For me, this had a lot in common with Reconciling Mother in that it was too weird for my liking. I’m fond in theory of new ideas and novel approaches to interactive fiction, but in practice whenever someone tries one it just seems to leave a confusing mess of a game like this. This was one of several games in the IFComp this year that I played just once and found that once was more than enough. I note from other reviews of the game that it seems to include some unusual features that clearly had a lot of work put into them to make them work, but as the game itself confused me so much that after half an hour I was aching to quit, I guess I’ll just have to miss out on them.
Ferrous Ring does an excellent job of annoying the player at every opportunity. It doesn’t list exits from many locations, or even on some occasions give a proper location description, instead merely giving a list of good and bad points at the end. What the mimesis crowd think of this I shudder to imagine. This is what the game has for the foyer area:
GOOD: THE STAIRWAY, MY DESTINATION.
BAD: THE DOOR TO DANGER; THE CROWDS OF PEOPLE, SHELTERING HERE.
Does a first rate job of describing the foyer, doesn’t it? Why, it’s almost like you’re really there…
The parser is unhelpful and just adds to the problems of making your way around a game that doesn’t see fit to obey any of the standard rules of interactive fiction. Perfectly reasonable commands – directional ones – will often produce bizarre error messages. I AM SUDDENLY STRUCK BY THE COMPULSION TO… DO SOMETHING. BUT MY THOUGHTS WASH OVER IT - DROWN IT pops up often. Sometimes you can use the GO command to move about, other times you are hit by the unusual error message I quoted above. Most times you can’t even examine items without the error message rearing its ugly head. This has been used in place of the standard error messages, I’m guessing anyway, to make everything that happens in the game retain the aura of strangeness the writer is aiming for. To some degree, it works. But trying to make your way through a game and continually seeing the same error message for a whole variety of different reasons is a pain. You never know if you’re seeing the error message because you’ve made a genuine mistake, have worded something wrongly or have simply tried something the writer didn’t anticipate. It’s akin to the old text adventures I played back in the 80’s with two word parsers that would spit out YOU CAN’T DO THAT every time you attempted something that hadn’t been specifically programmed in (which, considering the memory restrictions back then, was often). Parsers have come a long way since then, but this game sends them careening way back to the Stone Age. The ironic thing is that the system this game is written in has a first rate parser built into it, and yet the author has decided to go ahead and effectively cripple it for ‘atmosphere’.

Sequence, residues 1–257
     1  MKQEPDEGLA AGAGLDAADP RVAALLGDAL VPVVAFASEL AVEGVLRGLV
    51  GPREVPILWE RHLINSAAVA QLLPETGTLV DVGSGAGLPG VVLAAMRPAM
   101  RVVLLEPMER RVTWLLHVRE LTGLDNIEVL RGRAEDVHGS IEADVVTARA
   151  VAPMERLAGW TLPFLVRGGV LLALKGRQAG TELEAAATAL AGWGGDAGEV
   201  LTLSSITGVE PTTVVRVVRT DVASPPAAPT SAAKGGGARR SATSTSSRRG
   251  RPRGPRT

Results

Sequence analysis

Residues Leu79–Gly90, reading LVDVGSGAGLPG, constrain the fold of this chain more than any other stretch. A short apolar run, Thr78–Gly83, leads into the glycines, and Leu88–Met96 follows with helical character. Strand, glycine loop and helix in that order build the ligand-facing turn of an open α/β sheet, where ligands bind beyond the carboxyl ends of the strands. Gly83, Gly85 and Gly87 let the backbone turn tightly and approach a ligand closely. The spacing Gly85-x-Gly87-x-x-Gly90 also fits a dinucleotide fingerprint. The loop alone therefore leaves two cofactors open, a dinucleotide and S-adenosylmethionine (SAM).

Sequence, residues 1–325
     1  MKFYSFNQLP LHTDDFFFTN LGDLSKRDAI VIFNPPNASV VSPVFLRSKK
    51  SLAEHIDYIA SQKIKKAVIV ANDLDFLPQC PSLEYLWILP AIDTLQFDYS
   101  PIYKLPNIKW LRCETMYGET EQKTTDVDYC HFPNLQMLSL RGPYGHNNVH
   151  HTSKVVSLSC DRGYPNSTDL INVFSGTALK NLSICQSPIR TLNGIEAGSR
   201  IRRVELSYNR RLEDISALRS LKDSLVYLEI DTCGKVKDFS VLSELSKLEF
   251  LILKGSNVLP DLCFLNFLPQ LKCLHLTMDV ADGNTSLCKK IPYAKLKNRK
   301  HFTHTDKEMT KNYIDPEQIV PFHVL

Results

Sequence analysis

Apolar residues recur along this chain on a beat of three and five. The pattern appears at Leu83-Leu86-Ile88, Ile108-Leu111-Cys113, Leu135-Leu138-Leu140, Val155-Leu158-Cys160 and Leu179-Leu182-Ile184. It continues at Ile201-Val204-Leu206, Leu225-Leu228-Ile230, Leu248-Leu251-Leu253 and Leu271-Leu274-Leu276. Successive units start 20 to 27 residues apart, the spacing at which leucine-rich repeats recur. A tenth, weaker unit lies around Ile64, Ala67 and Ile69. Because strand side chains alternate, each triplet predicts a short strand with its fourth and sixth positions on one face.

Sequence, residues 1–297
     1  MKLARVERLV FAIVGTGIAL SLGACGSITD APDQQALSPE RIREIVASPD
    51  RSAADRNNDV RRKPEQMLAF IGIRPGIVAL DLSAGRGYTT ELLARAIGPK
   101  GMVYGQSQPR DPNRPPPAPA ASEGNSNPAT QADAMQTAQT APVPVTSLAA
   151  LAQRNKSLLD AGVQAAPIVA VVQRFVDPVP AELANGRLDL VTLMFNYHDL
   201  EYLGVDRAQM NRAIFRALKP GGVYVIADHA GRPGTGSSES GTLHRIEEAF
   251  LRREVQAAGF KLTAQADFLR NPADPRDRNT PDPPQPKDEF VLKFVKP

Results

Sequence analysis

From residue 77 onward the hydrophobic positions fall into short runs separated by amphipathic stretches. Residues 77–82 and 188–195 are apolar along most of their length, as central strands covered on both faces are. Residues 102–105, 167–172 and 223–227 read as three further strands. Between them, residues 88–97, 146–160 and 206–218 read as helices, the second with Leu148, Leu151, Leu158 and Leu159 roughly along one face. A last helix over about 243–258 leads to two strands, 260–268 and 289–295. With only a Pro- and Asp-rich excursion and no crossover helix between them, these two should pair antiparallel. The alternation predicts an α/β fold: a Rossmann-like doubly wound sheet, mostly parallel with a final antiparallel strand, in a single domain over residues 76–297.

Maybe there’s some deeper meaning to Ferrous Ring that makes itself clear towards the end of the game, but I think I can happily live without knowing what it is. Sometimes, ignorance is bliss.
1 out of 10